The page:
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After Happily Ever After

Most people are familiar with the stages of child development, but what about the developmental stages of marriage? Not as widely known, but familiarity with typical stages of marriage can be as helpful as understanding your child’s development. Michele Weiner Davis notes stages of marriage in her book The Divorce Remedy: The Proven 7-Step Program for Saving Your Marriage (Simon & Schuster, 2002).

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1. The Romance Period

The first stage of marriage is the most familiar to many. It’s often referred to as the “honeymoon period.” This initial stage is renowned for couples feeling swept up into the romance and emotional excitement of their relationship. Partners can’t believe they have found the “perfect person” and differences are overlooked or minimized. The relationship takes priority over everything else. Sexual attraction is strong and relationship satisfaction is at its highest levels.

2. Reality Stage

The second stage of a marriage can be the most difficult. It is here that euphoria from the romance stage is replaced with the realization of disagreements and conflicting expectations. Couples experience first disappointments in their spouse and their marriage. Differences seem more pronounced. “What was I thinking” is a common reaction. Unfortunately, couples may see this normal stage as a sign of incompatibility and worry they made a mistake. The reality stage is also marked by the assumption that if your spouse would just change, everything would be fine. This is also the stage where many life-changing decisions are made: Where to live? Should we have children? Who will manage the finances? How to fit extended family into your life? Without strong communication skills couples can feel disillusioned and begin to drift apart. Some marriages never make it beyond the reality stage and end in divorce.

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3. Acceptance and Accommodation

Moving into the third stage of marriage presents a decision to couples. Those who decide to remain married face two options. One is to settle for the status quo and live emotionally separate lives. The couple remains dissatisfied with the state of the relationship but feel resigned that it will not improve. They choose to remain married but stop investing time and effort in the marriage. Many couples live out their married life in this state. 

The other option is to begin accepting your spouse as he is, no more trying to get him to change. The thought occurs that “maybe I’m not that easy to live with either.” Couples focus on healthier ways to interact and work out differences. Spouses are more interested in accommodating their partners and behave more compassionately toward each other. Fights diminish because even though spouses know how to get each other going, they make a conscious decision not to. For these couples, relationship satisfaction is again high. They feel emotionally close and enjoy their time together. Best of all, these couples move into the fourth stage and enjoy the benefit of their hard work.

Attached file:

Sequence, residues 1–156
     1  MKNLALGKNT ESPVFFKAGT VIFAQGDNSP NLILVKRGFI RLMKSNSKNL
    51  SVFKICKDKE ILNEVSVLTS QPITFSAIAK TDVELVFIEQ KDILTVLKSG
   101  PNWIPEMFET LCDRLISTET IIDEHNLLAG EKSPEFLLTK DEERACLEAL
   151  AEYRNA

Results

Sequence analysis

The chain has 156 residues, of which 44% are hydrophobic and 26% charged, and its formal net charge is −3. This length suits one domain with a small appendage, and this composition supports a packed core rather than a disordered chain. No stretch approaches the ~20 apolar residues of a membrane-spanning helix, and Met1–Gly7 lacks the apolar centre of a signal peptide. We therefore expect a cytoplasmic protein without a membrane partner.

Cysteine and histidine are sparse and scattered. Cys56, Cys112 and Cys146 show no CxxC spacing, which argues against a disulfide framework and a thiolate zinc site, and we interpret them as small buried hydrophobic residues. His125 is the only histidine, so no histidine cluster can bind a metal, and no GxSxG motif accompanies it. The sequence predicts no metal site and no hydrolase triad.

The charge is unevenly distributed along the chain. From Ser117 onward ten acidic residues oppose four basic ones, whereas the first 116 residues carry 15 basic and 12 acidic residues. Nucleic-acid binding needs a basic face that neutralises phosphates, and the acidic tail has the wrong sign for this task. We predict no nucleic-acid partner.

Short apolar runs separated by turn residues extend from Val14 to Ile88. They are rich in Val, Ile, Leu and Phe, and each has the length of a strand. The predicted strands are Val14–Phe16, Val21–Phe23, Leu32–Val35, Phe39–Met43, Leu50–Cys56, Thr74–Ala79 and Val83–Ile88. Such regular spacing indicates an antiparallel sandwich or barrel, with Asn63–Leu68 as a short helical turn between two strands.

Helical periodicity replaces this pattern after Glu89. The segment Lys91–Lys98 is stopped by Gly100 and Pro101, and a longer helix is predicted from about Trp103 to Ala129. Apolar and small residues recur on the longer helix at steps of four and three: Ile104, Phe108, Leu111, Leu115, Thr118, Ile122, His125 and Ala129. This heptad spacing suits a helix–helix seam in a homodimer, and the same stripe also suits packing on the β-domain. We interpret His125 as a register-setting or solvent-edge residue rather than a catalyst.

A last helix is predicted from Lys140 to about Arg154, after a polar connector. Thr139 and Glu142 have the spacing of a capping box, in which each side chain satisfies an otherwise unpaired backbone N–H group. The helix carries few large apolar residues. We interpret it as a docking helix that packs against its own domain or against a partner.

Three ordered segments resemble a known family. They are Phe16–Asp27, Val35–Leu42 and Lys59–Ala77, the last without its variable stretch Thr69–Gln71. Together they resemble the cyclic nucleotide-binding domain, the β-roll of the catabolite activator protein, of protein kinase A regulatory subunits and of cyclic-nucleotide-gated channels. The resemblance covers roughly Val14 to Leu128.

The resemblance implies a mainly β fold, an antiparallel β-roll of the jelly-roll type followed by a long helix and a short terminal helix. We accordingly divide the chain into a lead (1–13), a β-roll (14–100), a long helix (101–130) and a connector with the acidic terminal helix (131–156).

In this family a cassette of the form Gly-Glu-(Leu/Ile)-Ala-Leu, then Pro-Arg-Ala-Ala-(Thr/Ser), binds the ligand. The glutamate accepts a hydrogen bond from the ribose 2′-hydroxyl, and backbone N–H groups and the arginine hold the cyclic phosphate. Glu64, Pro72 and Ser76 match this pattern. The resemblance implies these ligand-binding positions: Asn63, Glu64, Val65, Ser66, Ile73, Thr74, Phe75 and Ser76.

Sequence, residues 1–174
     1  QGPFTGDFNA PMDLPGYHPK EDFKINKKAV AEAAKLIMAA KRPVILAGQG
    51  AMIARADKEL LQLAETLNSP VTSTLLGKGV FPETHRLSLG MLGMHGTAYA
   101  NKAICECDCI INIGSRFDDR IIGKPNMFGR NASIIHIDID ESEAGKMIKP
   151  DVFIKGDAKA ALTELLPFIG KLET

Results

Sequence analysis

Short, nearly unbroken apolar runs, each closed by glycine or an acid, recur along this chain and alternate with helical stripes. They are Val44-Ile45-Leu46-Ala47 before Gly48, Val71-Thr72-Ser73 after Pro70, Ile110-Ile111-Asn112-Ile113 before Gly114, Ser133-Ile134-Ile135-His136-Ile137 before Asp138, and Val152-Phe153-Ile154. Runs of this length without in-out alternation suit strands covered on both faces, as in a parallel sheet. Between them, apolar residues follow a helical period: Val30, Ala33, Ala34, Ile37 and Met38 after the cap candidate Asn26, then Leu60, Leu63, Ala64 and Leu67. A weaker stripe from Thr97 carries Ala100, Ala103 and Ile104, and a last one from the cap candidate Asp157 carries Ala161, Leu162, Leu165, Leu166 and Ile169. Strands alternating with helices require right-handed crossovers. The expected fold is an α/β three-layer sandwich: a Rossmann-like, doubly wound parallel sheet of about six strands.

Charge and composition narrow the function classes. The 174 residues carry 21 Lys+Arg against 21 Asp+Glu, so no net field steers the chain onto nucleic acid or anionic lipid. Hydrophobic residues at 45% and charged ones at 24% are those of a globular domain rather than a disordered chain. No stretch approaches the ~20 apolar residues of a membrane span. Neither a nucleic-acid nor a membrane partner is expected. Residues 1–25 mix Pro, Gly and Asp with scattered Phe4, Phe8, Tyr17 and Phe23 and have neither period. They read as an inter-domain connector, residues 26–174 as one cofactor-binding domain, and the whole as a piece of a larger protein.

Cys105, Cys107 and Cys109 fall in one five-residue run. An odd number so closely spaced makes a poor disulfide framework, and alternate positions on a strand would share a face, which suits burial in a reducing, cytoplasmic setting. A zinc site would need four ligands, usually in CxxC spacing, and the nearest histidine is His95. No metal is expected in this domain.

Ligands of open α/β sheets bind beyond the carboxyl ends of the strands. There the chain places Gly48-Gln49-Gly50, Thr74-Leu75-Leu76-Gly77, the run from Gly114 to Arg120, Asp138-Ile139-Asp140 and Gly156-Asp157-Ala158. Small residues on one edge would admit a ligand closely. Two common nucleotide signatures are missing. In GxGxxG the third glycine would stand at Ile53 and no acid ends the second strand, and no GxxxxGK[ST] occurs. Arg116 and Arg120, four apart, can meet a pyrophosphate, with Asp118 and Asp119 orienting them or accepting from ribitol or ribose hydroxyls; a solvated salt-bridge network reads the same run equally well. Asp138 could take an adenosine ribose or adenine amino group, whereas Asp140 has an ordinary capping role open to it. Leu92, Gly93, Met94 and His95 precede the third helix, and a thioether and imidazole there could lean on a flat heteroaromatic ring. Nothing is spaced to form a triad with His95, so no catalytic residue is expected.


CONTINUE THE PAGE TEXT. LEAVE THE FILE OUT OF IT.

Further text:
4. Success and Satisfaction

The end of expending energy trying to get your spouse to change and a commitment to seeing things from each other’s point of view results in a renewed sense of harmony and satisfaction. Couples are typically married for many years by this point and have a sense of shared history. There is a deeper understanding of each other’s needs and a feeling of success and accomplishment in meeting those needs. 

As individuals many people feel more secure in themselves, which leads to greater relationship satisfaction. If there are children, they are older, more independent and perhaps living on their own. This allows the couple to spend more time and energy on the marriage once again. Couples in stage four experience high levels of relationship satisfaction. 

Similar to child development, relationship development is not linear. Marriages move back and forth within the stages. Life has a way of throwing challenges our way just as things seem to be “settling down.” Couples in stage three may find themselves thrust back to stage two with unexpected issues of infertility, aging or ill parents, job loss, etc. Couples in stage four may move back to stage three with the onset of retirement, requiring another reworking of interactions and expectations. For those marriages with a good outcome of stages three and four, any setbacks are ameliorated by knowing what’s possible. The end result is a peaceful, satisfying lifelong connection.

Cary and Tonja Rector are married and live with their children in Manlius. Cary is a licensed mental health counselor and Tonja is a licensed marriage and family therapist. Write to them in care of editorial@familytimes.biz. Consult your own health care provider before making decisions affecting your family’s well-being. To comment on this article, write to editorial@familytimes.biz.

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